Meanwhile, in Arkansas

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Fifth Estate # 303, October 20, 1980

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Unlike the computer failures mentioned in the article above, they couldn’t hide this one on the back page of the newspapers. When a fuel explosion rocked the underground Titan II nuclear missile silo sending flaming debris 500 feet in the air, everyone for a hundred miles around knew something had blown. The accident that occurred September 19 near Damascus, Arkansas destroyed the missile and left one dead and 21 injured (all Air Force officers) and was only one of hundreds of mishaps involving the missiles since the 54 ICBMs were first deployed in 1963. Since that time 55 persons have died and scores have been injured in the numerous incidents.

Although SAC officials refused repeatedly to comment on the fate of the nuclear warhead contained in the demolished projectile, Arkansas officials and local residents reported that the unexploded device was lying in the woods close to the silo site. Air Force officials persistently assured residents that an elaborate system of fail-safe devices makes detonation near to impossible and that no radiation leakage had been detected. However, in another incident, radioactive debris was dispersed near Palomares, Spain in 1966 when a B-52 collided with another plane and dropped two nuclear devices to earth.

Arkansas residents remained unconvinced of Air Force assurances that all was safe. One farmer told the New York Times, “We’ve got a government not telling you everything you need to know to survive.” Bob Collar, the local school teacher added, “But really, we’re in the same boat now as those Three Mile Island people.”

The force of the explosion, which was ignited when a workman’s wrench pierced the side of the rocket’s fuel tank, burst with such intensity that the silo’s 760-ton doors were “pulverized,” as one observer put it, and left a 350-foot crater where the 50-foot entrance had been. Lt. Gen. Lloyd R. Leavitt, commander of the Strategic Air Command (SAC), said he found only “bits and pieces” left of the missile when he inspected the site the following day.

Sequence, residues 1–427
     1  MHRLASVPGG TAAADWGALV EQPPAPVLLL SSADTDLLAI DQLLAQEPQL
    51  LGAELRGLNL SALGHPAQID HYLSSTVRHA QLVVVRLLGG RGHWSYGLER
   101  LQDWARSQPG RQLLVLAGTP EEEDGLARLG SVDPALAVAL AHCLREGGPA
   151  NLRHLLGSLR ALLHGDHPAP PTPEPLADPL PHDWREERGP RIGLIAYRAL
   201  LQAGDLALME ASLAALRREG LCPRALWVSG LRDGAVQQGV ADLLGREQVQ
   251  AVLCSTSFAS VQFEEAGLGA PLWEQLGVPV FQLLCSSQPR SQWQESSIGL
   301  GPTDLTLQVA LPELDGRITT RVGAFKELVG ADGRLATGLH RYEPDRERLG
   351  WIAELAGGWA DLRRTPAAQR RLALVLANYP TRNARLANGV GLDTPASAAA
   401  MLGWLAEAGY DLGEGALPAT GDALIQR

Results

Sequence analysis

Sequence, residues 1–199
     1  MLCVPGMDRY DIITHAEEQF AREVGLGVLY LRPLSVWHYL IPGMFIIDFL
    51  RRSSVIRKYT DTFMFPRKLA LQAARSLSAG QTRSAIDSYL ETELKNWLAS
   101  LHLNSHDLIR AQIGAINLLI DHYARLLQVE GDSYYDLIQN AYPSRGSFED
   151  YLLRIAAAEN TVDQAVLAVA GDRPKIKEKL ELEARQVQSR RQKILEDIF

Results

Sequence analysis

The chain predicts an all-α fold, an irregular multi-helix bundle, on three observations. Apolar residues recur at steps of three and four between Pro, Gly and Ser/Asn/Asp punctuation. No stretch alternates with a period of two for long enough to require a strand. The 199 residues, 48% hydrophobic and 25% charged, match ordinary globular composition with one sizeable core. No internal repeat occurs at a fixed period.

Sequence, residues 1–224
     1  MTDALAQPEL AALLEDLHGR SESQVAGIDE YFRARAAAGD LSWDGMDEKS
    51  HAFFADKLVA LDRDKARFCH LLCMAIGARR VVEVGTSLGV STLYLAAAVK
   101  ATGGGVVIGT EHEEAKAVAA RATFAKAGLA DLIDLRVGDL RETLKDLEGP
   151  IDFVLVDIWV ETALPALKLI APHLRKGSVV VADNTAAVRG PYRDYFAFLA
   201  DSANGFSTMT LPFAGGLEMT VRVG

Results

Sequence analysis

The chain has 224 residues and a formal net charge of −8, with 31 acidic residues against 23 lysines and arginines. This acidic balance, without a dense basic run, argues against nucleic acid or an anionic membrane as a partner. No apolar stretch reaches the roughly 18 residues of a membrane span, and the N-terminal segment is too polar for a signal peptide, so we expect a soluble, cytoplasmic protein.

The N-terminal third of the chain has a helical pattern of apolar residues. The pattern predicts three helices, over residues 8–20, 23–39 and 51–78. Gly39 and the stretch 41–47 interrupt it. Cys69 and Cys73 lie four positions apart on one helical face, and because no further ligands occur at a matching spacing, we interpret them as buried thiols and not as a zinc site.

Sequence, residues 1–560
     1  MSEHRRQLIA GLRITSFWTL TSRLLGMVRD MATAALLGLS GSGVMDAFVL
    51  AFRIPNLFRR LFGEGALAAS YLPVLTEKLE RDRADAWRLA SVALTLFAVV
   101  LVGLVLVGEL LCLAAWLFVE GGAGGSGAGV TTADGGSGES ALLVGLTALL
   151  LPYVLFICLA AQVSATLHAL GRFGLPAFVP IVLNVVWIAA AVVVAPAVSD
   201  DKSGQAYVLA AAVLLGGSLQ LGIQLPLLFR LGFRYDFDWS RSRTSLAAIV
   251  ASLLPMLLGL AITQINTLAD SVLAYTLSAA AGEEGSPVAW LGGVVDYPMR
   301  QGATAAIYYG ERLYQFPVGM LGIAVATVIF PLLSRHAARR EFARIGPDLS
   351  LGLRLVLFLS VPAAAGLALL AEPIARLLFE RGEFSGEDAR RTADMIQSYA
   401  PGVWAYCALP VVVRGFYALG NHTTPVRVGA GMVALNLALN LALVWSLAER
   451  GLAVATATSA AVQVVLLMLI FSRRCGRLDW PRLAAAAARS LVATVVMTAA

Although the Titan II system represents only 54 of the 1,054 land-base nuclear warheads the U.S. possesses, each missile carries a 24 megaton payload, thus the 54 actually constitute one-third of this country’s total megatonage in land-based missiles. The 103-foot Titan II uses a liquid fuel which is highly flammable and toxic, and when fully loaded weighs 330,000 pounds. It can deliver its warhead accurately within one nautical mile of its target traveling at a speed of 6,000 mph. All 54 missiles, in sites spread out over three states, are aimed directly at Soviet population and industrial centers.

The accident-prone weapons (in 1965, 53 civilians were killed in a Titan II mishap) have come under constant criticism due to their volatility , but rather than being a powerful argument for disarmament, government officials are using this latest mishap as another rationalization for installation of the MX system which has a solid fuel propellant.

Related

“Yes, We Have no Mañanas: U.S. and USSR Prepare for Doomsday,” FE #303, October 20, 1980.

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